By Katelyn Sattler
Safety issues were discussed at the Aug. 10 Greater Hilltop Area Commission meeting.
Sgt. Frederick Brophy, with the Columbus Division of Police, reported that there have been persistent problems with all-terrain vehicles (ATVs) being driven on streets on the westside, as well as county-wide. According to Brophy, police are cracking down on those who ride these vehicles in the street because it is a safety hazard for the driver of the ATV and others on the roadway.
Columbus City Council recently passed legislation to increase penalties on those caught driving ATVs on the streets. Columbus police have started an enhanced enforcement of the new laws.
The city has joined with the Franklin County Sheriff’s Office and some suburban agencies recently to crack down on the problem with a different tactic using more manpower and more money. A new task force is working on stricter enforcement of the new laws.
“The idea is to get officers out here in peak times when large groups are moving throughout the city,” said Brophy.
Several arrests were earlier this month, along with ATVs seized and drivers cited.
According to Brophy, police have a “no pursuit” policy when it comes to ATVs in the streets, so police need to put more effort into catching the people doing it. Intelligence has been gathered and is being used to identify the peak times for large groups of ATV riders in the city that can be enforced.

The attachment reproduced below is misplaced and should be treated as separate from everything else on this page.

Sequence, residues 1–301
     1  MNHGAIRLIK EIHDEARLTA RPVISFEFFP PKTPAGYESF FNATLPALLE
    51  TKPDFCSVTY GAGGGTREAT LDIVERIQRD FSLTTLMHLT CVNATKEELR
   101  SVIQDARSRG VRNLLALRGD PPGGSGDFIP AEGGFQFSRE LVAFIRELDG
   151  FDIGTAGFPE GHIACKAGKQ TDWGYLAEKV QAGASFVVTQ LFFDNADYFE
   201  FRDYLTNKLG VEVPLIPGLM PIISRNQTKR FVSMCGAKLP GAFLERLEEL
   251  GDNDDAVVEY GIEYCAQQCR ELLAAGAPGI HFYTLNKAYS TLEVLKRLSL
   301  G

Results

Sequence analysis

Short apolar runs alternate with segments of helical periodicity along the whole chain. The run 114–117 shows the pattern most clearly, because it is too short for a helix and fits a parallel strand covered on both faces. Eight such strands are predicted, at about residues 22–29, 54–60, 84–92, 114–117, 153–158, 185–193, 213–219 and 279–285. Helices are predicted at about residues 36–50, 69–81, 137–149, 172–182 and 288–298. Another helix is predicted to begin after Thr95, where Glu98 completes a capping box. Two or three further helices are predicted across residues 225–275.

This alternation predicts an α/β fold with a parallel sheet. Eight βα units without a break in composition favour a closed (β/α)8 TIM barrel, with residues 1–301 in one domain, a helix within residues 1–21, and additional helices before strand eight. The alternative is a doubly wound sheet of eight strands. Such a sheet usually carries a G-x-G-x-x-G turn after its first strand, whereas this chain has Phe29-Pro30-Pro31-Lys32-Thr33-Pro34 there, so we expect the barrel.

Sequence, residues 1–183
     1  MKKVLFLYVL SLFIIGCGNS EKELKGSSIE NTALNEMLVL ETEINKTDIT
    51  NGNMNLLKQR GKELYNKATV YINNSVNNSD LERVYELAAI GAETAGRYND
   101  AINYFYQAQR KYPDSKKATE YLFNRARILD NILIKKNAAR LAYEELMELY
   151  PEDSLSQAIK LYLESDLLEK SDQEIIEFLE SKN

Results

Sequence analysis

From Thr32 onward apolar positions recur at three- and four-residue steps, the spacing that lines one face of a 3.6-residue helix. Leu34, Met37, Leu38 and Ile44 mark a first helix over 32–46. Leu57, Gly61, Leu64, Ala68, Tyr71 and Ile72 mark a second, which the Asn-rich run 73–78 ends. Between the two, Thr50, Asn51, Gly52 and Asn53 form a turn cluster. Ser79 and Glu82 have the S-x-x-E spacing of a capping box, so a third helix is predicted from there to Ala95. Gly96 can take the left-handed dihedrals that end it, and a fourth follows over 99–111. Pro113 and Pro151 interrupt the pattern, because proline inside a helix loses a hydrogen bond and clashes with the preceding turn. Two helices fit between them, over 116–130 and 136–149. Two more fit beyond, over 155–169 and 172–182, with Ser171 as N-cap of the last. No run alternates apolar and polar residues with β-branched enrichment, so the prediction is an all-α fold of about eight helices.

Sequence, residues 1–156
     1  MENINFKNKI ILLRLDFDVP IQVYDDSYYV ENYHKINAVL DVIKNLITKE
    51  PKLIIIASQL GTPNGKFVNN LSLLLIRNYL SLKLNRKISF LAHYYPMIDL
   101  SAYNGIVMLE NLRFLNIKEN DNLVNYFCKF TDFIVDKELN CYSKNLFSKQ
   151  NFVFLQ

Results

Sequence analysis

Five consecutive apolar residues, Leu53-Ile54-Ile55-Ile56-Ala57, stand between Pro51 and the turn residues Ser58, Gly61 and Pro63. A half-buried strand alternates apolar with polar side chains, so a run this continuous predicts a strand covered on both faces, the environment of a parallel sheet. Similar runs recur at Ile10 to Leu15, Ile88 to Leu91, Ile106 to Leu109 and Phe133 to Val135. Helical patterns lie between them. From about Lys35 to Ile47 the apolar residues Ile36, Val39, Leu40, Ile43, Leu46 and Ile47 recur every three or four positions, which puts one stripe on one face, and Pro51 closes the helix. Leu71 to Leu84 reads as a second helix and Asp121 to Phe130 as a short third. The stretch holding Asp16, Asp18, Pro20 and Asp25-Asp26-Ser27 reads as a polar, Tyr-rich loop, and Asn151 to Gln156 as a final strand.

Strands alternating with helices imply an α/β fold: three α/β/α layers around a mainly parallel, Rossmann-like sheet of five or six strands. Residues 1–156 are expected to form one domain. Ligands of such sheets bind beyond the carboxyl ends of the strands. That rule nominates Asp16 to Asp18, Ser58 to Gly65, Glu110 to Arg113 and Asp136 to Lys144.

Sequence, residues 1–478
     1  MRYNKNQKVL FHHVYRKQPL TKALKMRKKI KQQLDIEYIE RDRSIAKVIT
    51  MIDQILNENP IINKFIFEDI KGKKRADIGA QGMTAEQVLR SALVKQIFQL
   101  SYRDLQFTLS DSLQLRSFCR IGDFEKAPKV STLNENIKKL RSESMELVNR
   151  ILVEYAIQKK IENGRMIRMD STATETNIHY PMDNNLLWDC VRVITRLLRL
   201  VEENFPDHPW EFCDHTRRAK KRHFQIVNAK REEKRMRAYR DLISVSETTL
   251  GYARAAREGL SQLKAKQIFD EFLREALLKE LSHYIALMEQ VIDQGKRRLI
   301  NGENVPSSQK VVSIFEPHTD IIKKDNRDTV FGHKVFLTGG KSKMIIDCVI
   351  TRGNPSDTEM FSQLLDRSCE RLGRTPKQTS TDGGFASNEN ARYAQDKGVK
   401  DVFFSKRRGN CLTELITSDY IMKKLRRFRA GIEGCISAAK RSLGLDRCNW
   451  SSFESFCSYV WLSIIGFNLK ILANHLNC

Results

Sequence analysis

The city, division of police, and the mayor’s office have heard concerns about the ATVs and will allocate resources to the problem.
Brophy hopes to see the benefits from the agency-wide focus on ATVs being driven illegally in the streets.
According to reports, automobile deaths and residential burglaries have increased near the West Broad Street corridor. Some potential juvenile suspects in the area and city-wide have been identified and Columbus police hope that with enforcement and better investigation, the community will see a drop in illegal activity.
When asked how the Greater Hilltop Area Commission could get more officers in the area, Brophy said city council needs to pass an amendment to the police charter and approve a budget for it.
“Moving manpower is required. It’s a big undertaking,” said Brophy. “Trust me, nobody wants that more than I do. I know because I work out here that the westside of Columbus needs more police officers.”